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PRI's Environmental News Magazine

Big Keystone Oil Spill

Air Date: Week of

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Protests against the Keystone XL Pipeline have been ongoing since its proposal by TC Energy in 2009. (Photo: Courtesy of the Sierra Club, CC BY 2.0)

On Oct 29 a nearly 400,000-gallon oil spill was discovered in the Keystone pipeline system in North Dakota, inundating a wetland with heavy crude oil mined from the Alberta tar sands. A controversial proposed extension of the Keystone pipeline system to the Gulf Coast known as Keystone XL has been the focus of ongoing protests and court battles, and the report of the spill came on the same day operator TC Energy was assuring regulators at a hearing it has properly considered environmental and safety impacts of the proposed extension. Sierra Club Senior Attorney Doug Hayes and Host Steve Curwood discuss the impact of the spill and the ongoing legal battle over Keystone XL.

Transcript

CURWOOD: From PRI and the Jennifer and Ted Stanley Studios at the University of Massachusetts Boston, this is Living on Earth. I’m Steve Curwood.

The proposed Keystone XL pipeline link would bring tar sands oil from Alberta, Canada through North Dakota all the way to the gulf coast in Texas. The project has been in and out of the courts for years and continues to be a controversial point of protest, especially for Native Americans in the region. In response to a federal court order State Department officials recently held a public hearing about the project’s safety and environmental impact. That very same day nearly 400,000 gallons of oil spilled from a leak in an existing portion of the pipeline into a wetland in North Dakota. For more I’m joined now by Doug Hayes, a Senior Attorney at the Sierra Club. Doug, welcome to Living on Earth!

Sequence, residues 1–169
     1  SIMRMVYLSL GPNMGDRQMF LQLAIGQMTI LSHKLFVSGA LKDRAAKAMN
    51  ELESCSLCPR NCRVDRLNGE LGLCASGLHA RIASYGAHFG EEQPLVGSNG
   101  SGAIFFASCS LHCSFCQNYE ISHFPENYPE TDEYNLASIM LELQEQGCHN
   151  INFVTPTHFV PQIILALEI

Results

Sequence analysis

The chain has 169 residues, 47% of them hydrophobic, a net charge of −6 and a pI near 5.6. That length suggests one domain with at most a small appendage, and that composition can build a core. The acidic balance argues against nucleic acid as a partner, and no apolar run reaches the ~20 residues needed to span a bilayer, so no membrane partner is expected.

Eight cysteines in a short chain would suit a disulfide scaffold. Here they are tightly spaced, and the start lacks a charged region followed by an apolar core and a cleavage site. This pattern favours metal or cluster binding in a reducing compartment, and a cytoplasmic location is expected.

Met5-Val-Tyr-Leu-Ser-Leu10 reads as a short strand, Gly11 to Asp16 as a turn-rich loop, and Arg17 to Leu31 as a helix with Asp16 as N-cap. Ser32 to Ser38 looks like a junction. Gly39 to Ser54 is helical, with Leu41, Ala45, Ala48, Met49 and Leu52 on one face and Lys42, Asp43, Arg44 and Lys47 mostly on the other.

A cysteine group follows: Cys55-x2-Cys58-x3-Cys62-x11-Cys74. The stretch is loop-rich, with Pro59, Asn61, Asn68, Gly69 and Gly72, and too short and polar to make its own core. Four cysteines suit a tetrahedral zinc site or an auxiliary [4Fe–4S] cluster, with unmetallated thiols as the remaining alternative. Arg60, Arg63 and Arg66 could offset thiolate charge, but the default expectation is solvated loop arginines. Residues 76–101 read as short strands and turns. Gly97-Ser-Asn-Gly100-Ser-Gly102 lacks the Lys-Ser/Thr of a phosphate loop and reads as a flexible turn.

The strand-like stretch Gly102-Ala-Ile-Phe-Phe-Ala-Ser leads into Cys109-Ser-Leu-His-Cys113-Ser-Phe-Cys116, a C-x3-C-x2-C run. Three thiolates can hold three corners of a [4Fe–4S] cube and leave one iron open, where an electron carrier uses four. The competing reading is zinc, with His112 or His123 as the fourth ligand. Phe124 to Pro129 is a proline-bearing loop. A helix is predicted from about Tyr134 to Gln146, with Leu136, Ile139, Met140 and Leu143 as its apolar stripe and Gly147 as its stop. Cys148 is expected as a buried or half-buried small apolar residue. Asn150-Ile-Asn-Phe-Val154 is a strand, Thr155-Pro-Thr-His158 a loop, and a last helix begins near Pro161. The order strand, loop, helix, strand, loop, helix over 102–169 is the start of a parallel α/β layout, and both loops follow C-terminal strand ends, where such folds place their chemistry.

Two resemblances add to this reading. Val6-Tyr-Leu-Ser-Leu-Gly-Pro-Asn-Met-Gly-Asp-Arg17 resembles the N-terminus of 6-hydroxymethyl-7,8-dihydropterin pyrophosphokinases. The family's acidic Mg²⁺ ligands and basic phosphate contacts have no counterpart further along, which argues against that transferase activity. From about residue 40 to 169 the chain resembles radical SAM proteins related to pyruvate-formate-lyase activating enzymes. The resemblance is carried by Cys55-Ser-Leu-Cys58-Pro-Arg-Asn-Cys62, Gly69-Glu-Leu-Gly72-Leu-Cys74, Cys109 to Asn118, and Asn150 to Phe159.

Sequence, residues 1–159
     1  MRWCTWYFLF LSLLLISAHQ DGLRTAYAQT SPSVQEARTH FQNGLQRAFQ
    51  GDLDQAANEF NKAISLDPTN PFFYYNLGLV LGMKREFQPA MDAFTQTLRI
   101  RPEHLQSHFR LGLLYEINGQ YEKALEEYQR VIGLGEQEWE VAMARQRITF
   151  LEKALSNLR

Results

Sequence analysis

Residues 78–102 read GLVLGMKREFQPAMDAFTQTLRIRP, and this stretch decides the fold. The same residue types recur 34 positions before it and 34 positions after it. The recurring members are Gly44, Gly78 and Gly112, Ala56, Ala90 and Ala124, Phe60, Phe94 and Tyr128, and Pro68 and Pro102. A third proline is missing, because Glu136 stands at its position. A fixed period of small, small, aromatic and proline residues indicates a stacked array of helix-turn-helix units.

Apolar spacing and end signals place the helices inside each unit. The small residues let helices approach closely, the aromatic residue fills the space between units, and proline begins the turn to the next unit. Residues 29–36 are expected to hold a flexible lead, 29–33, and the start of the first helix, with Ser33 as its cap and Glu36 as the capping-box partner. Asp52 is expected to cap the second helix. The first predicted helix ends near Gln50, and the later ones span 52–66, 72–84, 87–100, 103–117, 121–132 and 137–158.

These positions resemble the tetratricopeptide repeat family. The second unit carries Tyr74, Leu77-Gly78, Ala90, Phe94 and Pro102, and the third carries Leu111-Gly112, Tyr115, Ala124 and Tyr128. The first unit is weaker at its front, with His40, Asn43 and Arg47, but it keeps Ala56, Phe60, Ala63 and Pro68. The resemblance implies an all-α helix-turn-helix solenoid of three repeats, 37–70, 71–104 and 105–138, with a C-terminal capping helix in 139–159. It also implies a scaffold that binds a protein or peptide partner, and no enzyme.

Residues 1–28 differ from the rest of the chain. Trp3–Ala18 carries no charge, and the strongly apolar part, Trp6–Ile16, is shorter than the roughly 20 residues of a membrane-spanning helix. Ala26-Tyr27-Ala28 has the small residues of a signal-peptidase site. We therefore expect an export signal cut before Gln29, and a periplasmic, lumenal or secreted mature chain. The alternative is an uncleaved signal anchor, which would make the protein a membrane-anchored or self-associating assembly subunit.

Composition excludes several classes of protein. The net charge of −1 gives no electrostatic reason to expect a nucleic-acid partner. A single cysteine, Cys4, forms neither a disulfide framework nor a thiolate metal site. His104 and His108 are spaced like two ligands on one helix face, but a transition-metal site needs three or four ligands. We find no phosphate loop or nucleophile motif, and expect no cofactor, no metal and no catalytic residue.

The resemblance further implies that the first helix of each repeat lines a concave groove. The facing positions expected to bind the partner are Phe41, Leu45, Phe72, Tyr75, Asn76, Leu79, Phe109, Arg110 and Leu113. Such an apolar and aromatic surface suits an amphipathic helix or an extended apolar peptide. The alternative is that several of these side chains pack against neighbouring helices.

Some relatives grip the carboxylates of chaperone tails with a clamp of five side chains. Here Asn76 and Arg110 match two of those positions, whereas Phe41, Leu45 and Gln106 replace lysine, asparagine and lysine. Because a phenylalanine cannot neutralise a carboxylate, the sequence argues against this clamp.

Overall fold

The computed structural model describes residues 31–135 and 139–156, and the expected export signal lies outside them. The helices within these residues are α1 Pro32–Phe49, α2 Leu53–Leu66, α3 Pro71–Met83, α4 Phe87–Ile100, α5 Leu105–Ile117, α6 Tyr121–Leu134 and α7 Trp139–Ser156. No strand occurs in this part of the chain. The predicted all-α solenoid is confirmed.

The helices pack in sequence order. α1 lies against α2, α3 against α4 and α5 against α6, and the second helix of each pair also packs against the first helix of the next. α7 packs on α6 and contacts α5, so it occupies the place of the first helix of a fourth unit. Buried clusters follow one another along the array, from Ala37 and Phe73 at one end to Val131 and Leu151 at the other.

HAYES: Thanks for having me.

CURWOOD: These spills seem to keep happening. Talk to me, please about the history of Trans Canada Energy's pipelines when it comes to oil spills.

HAYES: Sure, well, the Keystone One pipeline was approved in 2008 and came online in 2010. At the time, they billed it as state of the art technology, one of the safest pipelines ever built. And it spilled thirty-five times in its first year of operation alone. So that was fourteen times in the United States and twenty-one times in Canada. And then in the last few years, we've seen at least four significant spills. So this pipeline spill in North Dakota was almost 400,000 gallons. In 2017, there was another spill of around 400,000 gallons in South Dakota. Also there were big spills in 2011 in 2016. A lot of these seem to have been caused by problems created during construction. So TC Energy seems to have some serious problems with their Keystone system.

CURWOOD: Doug, how does it strike you that at the same time that Trans Canada energy is trying to move the Keystone project forward, and in fact, they are at a public hearing in Billings, Montana that same day, you get this rather large spill, what does it tell you about the company?

HAYES: It certainly causes some concern and casts doubt on their assurances that this pipeline will be operated safely. The larger problem is that these pipelines cross, and Keystone XL in particular, would cross over 1000 waterways. One of the main concerns on the Keystone XL pipeline is the crossing of the Missouri River, which is just outside the Fort Peck Assiniboine Sioux Reservation in Montana. The pipeline would cross under the Missouri River just upstream from their water supply system. And that's just one of many places where a spill would cause catastrophic damage. Also, the pipeline would cross the Ogallala Aquifer and other important water resources in Nebraska, and other places along the pipeline route.


The spill in Walsh County, North Dakota. (Photo: Taylor DeVries, North Dakota Department of Environmental Quality)

CURWOOD: Well surely there are more concerns than just drinking water. I mean, in a wetland, there are a number of creatures from amphibians, birds, all kinds of creatures that rely on drinkable water themselves.

HAYES: That's right. And the federal judge in Montana last year ruled that the State Department had not adequately analyzed the risk of oil spills to endangered species. So there are several endangered species on the pipeline route. Birds like the whooping crane, interior least turn, the piping plover, and in the Missouri River, there's the pallid sturgeon endangered pallid sturgeon. So you're right, the oil spill and any of these not just into the waterways, but anywhere along the pipeline route would have significant impacts to species that live along the route.